I can’t recall exactly when I last tried to slog my way through mud so deep that it sucked the shoe completely off my foot, but it’s filed in my head as a miserable experience.
It may be filed wrong.
A few days ago I watched a dozen or so girls and boys happily sloshing back and forth across the muddiest land I’ve seen since my family stopped raising pigs, and it got me thinking that I’ve simply let myself get too old to enjoy mud. Not old in years — that can’t be helped — but definitely in attitude.
To the right mindset, evidently, shoe-sucking mud can be such great fun that you let it keep your shoe and just keep stomping along in one shoe and one increasingly filthy sock without even breaking stride.
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That’s exactly what one of the younger kids must have done on the campout I helped supervise last weekend, judging by the lone shoe someone pried out of the ground as we packed up to leave on the last day.
I’d been trying to avoid the worst of the mud, and I couldn’t understand what must have been going through that boy’s head when he ran through the deepest patch. But when I walked into my office the morning after the campout, a quote I’ve long had stuck to my bulletin board reminded me.
It’s from Sierra Club founder and champion of Yosemite John Muir, a man who, it seems, never lost sight of how much fun lies waiting in untamed land of any sort.
“Everybody needs beauty as well as bread,” he wrote back in 1912, “places to play in and pray in, where nature may heal and give strength to body and soul.”
You draw out that soul-strengthening power simply by choosing to play in a place, no matter how desolate it looks.
Even a hole in the ground will do.
In fact, a hole in the ground is what had brought us to that muddy hill in the first place. And it’s what kept us from turning back for home as we sloshed over the dark land, looking for the least sloshy spot to pitch our tents.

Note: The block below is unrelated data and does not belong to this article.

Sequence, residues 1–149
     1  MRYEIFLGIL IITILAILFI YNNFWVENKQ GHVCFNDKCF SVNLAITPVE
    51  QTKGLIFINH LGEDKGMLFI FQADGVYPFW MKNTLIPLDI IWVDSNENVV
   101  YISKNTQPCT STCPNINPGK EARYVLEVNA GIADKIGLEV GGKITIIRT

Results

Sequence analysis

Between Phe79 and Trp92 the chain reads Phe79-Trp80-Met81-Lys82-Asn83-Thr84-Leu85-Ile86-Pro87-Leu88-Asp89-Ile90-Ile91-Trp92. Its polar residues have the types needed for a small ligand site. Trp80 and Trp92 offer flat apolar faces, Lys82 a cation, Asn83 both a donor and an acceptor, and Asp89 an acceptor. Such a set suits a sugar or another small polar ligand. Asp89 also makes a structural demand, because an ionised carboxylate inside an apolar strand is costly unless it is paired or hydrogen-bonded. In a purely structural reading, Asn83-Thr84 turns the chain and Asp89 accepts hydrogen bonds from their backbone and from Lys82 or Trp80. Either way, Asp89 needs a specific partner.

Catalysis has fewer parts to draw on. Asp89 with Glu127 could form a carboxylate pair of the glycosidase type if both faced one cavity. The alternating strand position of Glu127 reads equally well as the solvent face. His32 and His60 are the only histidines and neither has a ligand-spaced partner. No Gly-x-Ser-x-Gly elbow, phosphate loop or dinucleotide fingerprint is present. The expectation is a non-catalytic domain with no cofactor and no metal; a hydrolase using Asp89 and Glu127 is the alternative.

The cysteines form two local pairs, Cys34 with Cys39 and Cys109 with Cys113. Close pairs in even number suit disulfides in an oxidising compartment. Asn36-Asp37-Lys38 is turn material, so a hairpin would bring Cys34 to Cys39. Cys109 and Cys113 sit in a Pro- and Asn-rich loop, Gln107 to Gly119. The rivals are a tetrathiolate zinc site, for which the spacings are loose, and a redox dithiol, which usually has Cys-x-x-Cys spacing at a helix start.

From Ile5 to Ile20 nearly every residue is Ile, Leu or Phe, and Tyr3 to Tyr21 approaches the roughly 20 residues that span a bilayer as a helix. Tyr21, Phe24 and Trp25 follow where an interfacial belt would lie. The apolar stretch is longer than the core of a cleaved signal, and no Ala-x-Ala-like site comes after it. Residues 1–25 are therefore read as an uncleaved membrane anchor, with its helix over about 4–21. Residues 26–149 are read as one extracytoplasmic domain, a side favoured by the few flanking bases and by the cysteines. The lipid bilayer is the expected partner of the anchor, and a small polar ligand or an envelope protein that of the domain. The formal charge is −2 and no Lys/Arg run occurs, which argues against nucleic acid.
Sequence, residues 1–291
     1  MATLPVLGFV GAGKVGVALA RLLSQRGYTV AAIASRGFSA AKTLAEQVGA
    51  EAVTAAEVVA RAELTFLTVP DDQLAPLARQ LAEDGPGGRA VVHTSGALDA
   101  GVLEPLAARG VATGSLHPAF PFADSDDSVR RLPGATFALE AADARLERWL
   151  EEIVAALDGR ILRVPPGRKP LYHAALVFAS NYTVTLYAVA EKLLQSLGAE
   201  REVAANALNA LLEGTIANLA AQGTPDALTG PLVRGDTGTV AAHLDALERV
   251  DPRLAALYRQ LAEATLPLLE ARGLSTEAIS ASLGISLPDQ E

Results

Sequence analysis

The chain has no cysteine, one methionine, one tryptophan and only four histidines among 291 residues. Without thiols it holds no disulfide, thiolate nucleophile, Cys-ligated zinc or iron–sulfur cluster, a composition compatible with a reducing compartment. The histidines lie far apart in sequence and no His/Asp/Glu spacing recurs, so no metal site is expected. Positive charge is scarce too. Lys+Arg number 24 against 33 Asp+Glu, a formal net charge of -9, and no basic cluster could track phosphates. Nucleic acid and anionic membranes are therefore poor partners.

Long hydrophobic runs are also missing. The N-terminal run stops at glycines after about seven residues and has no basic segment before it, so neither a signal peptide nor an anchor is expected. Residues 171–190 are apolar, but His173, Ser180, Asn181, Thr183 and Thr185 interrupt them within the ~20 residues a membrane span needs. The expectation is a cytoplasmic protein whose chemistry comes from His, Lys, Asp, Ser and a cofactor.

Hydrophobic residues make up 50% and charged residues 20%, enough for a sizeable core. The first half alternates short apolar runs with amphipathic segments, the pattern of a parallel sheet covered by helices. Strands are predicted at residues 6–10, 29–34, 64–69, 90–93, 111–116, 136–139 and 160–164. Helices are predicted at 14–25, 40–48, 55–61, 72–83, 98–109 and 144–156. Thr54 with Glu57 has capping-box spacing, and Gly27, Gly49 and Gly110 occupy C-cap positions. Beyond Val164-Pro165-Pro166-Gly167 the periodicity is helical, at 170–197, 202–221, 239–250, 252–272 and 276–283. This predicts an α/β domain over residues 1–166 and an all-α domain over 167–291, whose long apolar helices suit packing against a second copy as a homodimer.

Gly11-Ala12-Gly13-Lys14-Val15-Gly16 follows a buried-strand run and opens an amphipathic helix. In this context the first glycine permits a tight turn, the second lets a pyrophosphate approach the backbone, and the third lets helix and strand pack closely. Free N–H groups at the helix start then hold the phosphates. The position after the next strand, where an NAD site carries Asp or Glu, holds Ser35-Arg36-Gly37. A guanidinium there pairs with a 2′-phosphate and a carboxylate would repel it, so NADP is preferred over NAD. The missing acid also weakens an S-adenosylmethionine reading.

A few parents had driven our kids and their friends there so we could tour a cavern of dripping stalactites and swimming salamanders.
Now, if you’re not in the mood to enjoy a cavern, winding your way through one must be a nightmare of grotesque bollards, dangerous ceiling protrusions and moist walls.
But our group had paid good money to be there. We were looking for fun in the dark maw of that hillside, so we found it in the wild shapes, glistening earth and twists that beckoned us into the pitch black.
Hours earlier, I’d stepped out of my tent into chilly morning fog shrouding bare trees. I started out in a hurry to fill my coffee mug so I could warm up, but I was stilled by the stark beauty around me.
In the wrong mood, I’d have called it a cold and miserable morning. But that day I was tuned to the landscape, and it strengthened my soul the way Muir’s wilderness strengthened his.
Many hours later, as evening crept in and that carefree boy’s shoe was starting to freeze forgotten in the mud, I saw that humans aren’t God’s only creatures who pause to play in the beauty of what might be seen as miserable conditions.
A couple of dozen big birds I didn’t recognize swept overhead — huge things with white narrow bodies and dark long wings they held still on a long glide. They were being pushed by a strong wind that later would rip several of our tent stakes out of the ground.
It must have been roaring in their ears, and bitter cold.
But rather than just let the wind carry them quickly to wherever they meant to roost, the birds all turned into it at once, floated still for a moment, and let it push them backward a bit. Then they regained control and repeated the trick once more before soaring away.
I have no doubt they had stopped simply to play up there in the gale, and that playing gave their avian souls an extra jolt of strength.
Richard Espinoza is a former editor of the Johnson County Neighborhood News. You can reach him at email@example.com.